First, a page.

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Mahdi Army Keeps the Peace

Followers of radical preacher Muqtada al-Sadr appear to be upholding law and order in several towns.
By Awadh al-Taie

Three months ago, the sprawling northeast Baghdad slum of Sadr City was engulfed in chaos.


"There was looting, drug dealing, and a complete absence of policemen," said merchant Zuheir Abd al-Jalil, who owns a shop along the broad boulevard renamed "Vietnam Street" after it became a focus of the fighting.


Merchants came to work only during the day for fear of being robbed. Many women did not venture out at all, while taxi drivers complained they could not leave their cars even for a quick lunch without the tires being stripped.


Ghayeb Lazem Shibib, 33, a former captain in the Iraqi army, who now sells clothes in the open-air Mreidi market alongside Vietnam Street, said the area was infested with drug sellers and gangsters.


"People were afraid to come to the market because of their abusive behaviour,” he said. “They were carrying weapons and shouting, and many people were wounded at this time.”


Shibib recalled a gang leader who appeared one day carrying two pistols, shooting in the air and cursing that his brother-in-law had been murdered.


The gangster ordered all the merchants to close their shops – they had no choice but to comply.


In a word, the criminal gangs took advantage of the anarchy as US troops fought with members of the Mahdi Army of radical preacher Muqtada al-Sadr, who fired on local police stations to assert their authority over the neighbourhood.


But Sadr last month called a ceasefire, and instructed his militia to end the insurrection and cooperate with the police in restoring order.


After the truce, Shibib summoned a group of Sadrist militants, who told the gangs at gunpoint to get out.


Drug dealers were informed through their relatives, in time-honoured Iraqi tribal fashion, to stop selling their wares or they would be killed. "The situation now is very good," Shibib told IWPR.


"Now we have a truce with the American forces," said Mahdi Army leader Salah Hanoon, 30. "Our duty is to look out for the Muslims … and fight the drugs gangs, and the traders of the weapons … with the help of the Iraqi police."


Police captain Hashim Abd al-Muhsin of the local al-Thawra station said, "Our morale has risen after the Mahdi Army and the public declared their support for us, and we've sent out our patrols across the city.”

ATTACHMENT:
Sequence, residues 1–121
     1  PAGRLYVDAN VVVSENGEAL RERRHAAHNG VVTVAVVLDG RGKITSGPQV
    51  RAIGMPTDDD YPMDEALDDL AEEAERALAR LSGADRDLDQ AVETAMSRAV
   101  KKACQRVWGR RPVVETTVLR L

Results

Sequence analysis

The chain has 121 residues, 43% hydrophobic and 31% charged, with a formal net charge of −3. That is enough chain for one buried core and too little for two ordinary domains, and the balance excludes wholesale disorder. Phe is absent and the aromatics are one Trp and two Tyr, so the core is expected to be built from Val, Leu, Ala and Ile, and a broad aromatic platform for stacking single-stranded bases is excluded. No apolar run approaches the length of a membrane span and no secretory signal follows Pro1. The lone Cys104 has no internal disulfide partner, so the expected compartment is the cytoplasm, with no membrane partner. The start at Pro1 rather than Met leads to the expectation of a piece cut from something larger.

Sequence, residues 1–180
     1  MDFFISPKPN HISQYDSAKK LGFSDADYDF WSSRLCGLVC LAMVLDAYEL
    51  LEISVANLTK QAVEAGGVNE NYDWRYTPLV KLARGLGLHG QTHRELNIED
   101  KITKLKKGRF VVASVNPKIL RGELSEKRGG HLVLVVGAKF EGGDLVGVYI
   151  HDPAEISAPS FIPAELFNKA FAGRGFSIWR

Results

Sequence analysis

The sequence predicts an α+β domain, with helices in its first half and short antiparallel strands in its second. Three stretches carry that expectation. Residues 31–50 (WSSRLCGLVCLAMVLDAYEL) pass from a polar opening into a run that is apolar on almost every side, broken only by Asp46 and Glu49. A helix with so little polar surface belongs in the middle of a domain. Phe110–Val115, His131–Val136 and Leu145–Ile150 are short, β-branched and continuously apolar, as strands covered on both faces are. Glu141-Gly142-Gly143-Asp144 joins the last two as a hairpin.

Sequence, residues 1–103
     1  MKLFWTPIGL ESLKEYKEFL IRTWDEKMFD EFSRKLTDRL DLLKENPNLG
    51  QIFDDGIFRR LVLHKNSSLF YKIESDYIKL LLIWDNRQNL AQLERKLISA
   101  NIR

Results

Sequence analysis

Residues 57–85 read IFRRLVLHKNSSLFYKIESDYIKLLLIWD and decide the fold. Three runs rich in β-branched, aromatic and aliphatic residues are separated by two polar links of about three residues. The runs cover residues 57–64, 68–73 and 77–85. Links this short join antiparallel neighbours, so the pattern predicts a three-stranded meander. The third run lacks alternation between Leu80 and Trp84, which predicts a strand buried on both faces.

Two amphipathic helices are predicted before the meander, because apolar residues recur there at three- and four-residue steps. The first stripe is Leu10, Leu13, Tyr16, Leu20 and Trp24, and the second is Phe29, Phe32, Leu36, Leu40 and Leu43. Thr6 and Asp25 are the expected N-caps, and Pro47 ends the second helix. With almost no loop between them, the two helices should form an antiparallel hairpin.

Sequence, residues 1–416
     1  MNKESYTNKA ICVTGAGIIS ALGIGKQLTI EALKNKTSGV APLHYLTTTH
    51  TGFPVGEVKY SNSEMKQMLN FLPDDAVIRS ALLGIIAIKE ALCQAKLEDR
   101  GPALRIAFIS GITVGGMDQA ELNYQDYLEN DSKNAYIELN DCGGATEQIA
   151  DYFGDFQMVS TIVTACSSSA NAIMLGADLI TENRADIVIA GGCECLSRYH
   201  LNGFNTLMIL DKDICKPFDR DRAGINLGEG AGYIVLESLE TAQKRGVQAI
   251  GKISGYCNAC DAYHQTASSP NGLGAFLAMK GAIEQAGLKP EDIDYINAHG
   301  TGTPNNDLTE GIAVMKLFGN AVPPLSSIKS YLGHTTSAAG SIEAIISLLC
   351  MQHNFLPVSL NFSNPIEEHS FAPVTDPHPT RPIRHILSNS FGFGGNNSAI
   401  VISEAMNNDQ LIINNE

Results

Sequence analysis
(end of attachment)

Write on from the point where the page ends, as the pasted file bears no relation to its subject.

Muhsin said that "many members of the Mahdi Army inform us about the drug gangs, and document forgers... and we've started to pursue the gangs and we've succeeded in capturing many of them, in addition to organise the traffic in the city crossroads with volunteers from the Mahdi Army and the residents.”


Residents told IWPR that Sadrist preachers at Friday prayers have declared that the Mahdi Army must combat criminals and Sunni "Wahhabi" radicals, but that anyone who kills a policeman should himself be killed or arrested.


This pattern which emerged in Sadr City has repeated itself in other former centres of insurgency across the predominantly Shia south.


In the southern town of al-Kut, Sadrist fighters told police of a seven-man cell that was stockpiling explosives, and even assisted the police in making the arrest.


"The soldiers of the Mahdi Army had a great role in capturing them," said local police captain Hussein Rafid.


He said the informers not only uncovered the cell but were also the first through the door in the police raid on the suspects’ home.


Sadrist militiamen stand alongside soldiers of the New Iraqi Army inspecting cars on checkpoints on the outskirts of town, and join patrols on the highway running east to Amara.


"We work with the Iraqi police free of charge, to help keep security," said Abbas al-Tai, 35, who stood at a checkpoint in the Sheikh Saad neighbourhood along with fellow soldiers of the Mahdi Army.


The police said that Sadrist mosques also supply the patrols with meals and drinks.


The cooperation began after a proposal by Sadrist cleric Sheikh Muhammed Fadhil al-Musawi, according to sources in the police and Mahdi Army.


"As the Mahdi Army was created to keep security and to regain the freedom for Iraqis, the duty of each of [its] fighter[s] is working in the interests of the police and the civil defence corps," Musawi said.


While the head of al-Kut's police station Nizar al-Bahadli welcomed the Mahdi Army, he said the militia's involvement in maintaining law and order as an independent entity would be "temporary".


Still, even Bahadli acknowledged he would recruit 50 Sadrist fighters into the police, as "they have proven their skills and capabilities in keeping security in al-Kut".


But not all citizens of Kut are happy with the Mahdi Army.


Followers of older and more conservative clerics often view Sadr's followers as violent troublemakers.


"The fighters of the Mahdi Army are the cause of the riots which happened months ago, and now they are acting like good people,” said Muneer Ahmed, 42, a storeowner and follower of the Grand Ayatollah Sayyid Ali al-Husseini al-Sistani.


Grocer Salih Ali, 44, holds a similar view. "The majority of Mahdi Army soldiers are criminals," he said. "How are these criminals working with policemen to keep security?"


Awadh al-Taie and Aqil Jabbar are IWPR trainees.


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